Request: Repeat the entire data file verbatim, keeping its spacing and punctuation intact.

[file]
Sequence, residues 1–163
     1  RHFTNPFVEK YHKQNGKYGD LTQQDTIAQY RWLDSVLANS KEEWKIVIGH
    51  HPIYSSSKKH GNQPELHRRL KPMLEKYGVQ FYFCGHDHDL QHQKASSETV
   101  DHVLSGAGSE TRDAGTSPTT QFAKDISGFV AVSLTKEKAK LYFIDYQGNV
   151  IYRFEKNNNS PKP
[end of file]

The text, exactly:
Sequence, residues 1–163
     1  RHFTNPFVEK YHKQNGKYGD LTQQDTIAQY RWLDSVLANS KEEWKIVIGH
    51  HPIYSSSKKH GNQPELHRRL KPMLEKYGVQ FYFCGHDHDL QHQKASSETV
   101  DHVLSGAGSE TRDAGTSPTT QFAKDISGFV AVSLTKEKAK LYFIDYQGNV
   151  IYRFEKNNNS PKP